This post is a treat for me. This is my daughter, Jessie’s first multimedia production. She produced it for a class at school called “Digital Media”. Jessie shot the images and mixed the audio. I helped her edit the selections and with Soundslides. I hope you enjoy this hard hitting bit of photojournalism from my 15 year old. 😉
This is a multimedia essay by Nate Watkins and myself. We have been working on this for months. We first approached this essay thinking we wanted to help preserve two dying trades among the Mamas in Penang, butchering and fish mongering. Through the process of making this we found out that, while we may have felt sad that these trades are dying out, this current generation is content to be the last. Their children are the first generation to become professionals among them. As a result of the time shooting these images and footage we have made lasting friendships with many of these men.
The workshop is officially over. As with most workshops, we took time to view each student’s completed projects. Every one of our students made memorable presentations. The focus of the week was story telling and the unique aspect of this workshop was that we were able to embed our workshop participants into local families. Below are two shows that illustrate off how well this approached worked. Gavin Gough and I are very proud of our students.
The first show was by Tim Steadman a photographer based out of New Delhi. Here is what Tim had to say about his piece.
“Nicholas and his family were kind enough to allow me to join and photograph them during the 2012 Thaipusam festival in Penang, Malaysia. It was a pleasure witnessing how values such as tradition and devotion flow directly from Thaipusam into the creation and sustenance of a strong family.”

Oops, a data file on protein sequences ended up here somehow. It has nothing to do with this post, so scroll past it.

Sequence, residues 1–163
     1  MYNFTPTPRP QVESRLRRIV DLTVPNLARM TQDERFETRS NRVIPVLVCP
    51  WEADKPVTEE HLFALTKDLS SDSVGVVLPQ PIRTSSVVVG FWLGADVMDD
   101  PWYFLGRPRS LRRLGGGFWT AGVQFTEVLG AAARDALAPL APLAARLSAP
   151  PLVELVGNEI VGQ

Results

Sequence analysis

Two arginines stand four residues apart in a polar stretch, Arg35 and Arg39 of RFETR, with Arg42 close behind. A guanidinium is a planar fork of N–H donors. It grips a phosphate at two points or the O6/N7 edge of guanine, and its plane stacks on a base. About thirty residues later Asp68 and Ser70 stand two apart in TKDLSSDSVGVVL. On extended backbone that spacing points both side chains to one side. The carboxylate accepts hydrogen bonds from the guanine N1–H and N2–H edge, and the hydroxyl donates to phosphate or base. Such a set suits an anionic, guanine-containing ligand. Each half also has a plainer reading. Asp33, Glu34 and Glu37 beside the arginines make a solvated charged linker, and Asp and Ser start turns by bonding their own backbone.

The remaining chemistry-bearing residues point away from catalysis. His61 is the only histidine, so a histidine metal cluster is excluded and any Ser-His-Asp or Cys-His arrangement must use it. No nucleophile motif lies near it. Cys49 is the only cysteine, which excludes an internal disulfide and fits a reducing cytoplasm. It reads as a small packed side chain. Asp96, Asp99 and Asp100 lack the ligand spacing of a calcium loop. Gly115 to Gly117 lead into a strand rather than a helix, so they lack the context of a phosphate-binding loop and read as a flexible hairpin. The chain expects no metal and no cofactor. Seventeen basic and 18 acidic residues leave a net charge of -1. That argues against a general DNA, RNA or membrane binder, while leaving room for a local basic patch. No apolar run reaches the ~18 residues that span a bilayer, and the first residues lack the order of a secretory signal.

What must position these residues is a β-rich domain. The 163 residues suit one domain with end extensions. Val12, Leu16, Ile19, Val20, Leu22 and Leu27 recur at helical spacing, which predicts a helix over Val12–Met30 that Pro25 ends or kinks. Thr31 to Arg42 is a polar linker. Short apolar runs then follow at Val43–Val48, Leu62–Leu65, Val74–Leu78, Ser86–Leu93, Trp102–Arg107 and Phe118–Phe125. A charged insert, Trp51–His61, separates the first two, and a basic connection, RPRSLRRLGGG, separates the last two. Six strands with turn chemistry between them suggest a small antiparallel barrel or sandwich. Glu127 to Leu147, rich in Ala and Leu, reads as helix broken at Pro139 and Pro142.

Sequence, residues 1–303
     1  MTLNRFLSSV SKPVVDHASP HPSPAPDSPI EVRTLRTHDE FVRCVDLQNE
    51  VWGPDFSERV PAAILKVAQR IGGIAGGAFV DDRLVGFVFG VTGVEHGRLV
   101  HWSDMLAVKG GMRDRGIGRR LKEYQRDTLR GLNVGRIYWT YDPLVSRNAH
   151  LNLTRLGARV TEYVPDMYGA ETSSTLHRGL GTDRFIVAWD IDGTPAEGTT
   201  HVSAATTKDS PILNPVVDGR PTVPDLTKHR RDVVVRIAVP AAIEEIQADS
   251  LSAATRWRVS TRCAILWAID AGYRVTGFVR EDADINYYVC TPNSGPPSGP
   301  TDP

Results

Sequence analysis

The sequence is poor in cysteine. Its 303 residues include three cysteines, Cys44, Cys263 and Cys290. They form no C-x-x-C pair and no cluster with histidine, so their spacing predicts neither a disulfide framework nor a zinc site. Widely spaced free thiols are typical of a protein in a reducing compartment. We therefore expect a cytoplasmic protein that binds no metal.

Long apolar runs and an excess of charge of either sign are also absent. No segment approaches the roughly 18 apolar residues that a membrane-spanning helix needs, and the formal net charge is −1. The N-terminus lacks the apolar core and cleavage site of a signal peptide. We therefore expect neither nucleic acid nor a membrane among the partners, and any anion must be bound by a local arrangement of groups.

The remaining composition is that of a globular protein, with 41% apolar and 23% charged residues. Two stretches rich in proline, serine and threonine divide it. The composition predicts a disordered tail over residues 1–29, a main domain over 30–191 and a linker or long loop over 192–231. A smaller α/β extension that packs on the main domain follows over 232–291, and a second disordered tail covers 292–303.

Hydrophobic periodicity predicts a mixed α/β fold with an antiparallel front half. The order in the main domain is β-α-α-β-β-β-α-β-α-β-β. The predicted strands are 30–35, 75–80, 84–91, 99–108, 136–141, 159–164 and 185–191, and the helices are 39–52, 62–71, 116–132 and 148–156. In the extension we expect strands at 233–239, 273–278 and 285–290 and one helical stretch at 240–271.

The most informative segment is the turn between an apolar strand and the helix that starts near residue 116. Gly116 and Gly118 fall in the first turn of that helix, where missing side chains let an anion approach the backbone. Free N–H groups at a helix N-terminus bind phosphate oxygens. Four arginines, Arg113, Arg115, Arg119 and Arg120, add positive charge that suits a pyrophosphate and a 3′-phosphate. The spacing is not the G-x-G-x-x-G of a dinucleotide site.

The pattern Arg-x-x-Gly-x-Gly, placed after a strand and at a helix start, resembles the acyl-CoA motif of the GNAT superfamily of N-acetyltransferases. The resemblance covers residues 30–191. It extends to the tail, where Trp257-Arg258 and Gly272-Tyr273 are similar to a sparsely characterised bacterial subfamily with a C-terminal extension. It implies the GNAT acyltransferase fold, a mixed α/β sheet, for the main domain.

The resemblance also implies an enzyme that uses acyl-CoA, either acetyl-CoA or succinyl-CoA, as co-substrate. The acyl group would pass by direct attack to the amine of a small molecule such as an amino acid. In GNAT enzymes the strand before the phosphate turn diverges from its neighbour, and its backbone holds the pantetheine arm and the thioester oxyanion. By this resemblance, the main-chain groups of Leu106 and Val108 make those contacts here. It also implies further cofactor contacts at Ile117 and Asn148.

The next show is by Victoria Finlay. Victoria was able to enter into the lives of Jay and Shri our models. She was able to capture the strong devotion that their family has to their faith.
We also gave several assignments given throughout the week. For the last assignment, students were challenged to find a short piece of music and then go out and shoot a story that fits the music – a real challenge. Here are two examples. The first one from this challenge is from Tim Steadman again and the second is from another Penang resident, Dave Ray. Both Tim and Dave took an extremely creative approach to this assignment. I think you will be as impressed as Gavin and I were.
Again, we would like to thank the sponsors of this workshop for providing gear and resources that students were able to uses, play with and even walk away with at the end of our time together.
Then, last but not least we want to thank our hotel the Campbell House, in Penang. If you ever get a chance to visit Penang and you are not staying with Alou and me, you have to stay at the Campbell House in historic downtown Georgetown. Owners Roberto and Nardya make your stay comfortable and relaxing. The stay is professional and accommodating. It feels like staying with family, but without the fights. 😉
f/2.8, 1/40 sec, at 16mm, 1600 ISO, on a Canon EOS-1Ds Mark III
Last week I returned from Kolkata ( the city formerly known as Calcutta ), India. I actually didn’t go for an assignment or even to take photos. I accompanied with my wife who had business there and while in Kolkata we visited with some friends. Yet, if truth be known, a photographer never goes anywhere without somewhere in the back of his mind the intent to take a few photographs. But, photos were not the primary intention and thus have to take a back seat to other things this time. I did not go to Kolkata with the intent of creating a story on the rickshaw pullers, if I had, I would have spent more time developing a different angle on their life and work. Given my limitations I was still able to bring you this somewhat limited look at their unique lives. I hope you enjoy it and find it informative.
Please note: I have had several questions recently from some prominent photographers about why I choose to use SoundSlides Plus rather than some other software for bringing you these multimedia presentations. There could very well be something better out there and in fact, if I was incorporating video I would use something other than Soundslides Plus. Yet, given the fact that I am only using still images with audio I feel this is the best available at this time. Why? Because, it gives you, the viewer the option to simply view it as an automated slideshow or if you choose you can also view the show at your own speed using the left and right arrow buttons. You can also view each image using the gallery button. Soundslides Plus gives you the option, as with most video players, to view the slide show in full-screen. However, unlike any video, you can toggle the captions on and off.